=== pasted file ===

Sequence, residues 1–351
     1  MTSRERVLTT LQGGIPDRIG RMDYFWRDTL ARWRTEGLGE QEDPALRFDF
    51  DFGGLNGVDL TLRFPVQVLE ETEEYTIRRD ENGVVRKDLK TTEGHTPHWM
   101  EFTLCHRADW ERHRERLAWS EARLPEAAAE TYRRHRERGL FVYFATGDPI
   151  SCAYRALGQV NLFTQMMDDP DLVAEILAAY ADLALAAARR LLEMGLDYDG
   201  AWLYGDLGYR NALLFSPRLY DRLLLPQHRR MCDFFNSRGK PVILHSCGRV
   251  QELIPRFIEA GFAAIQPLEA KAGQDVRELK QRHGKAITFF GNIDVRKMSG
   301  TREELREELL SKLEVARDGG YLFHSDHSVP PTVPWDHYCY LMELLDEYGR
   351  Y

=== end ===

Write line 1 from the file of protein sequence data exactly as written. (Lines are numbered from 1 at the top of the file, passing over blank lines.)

Sequence, residues 1–351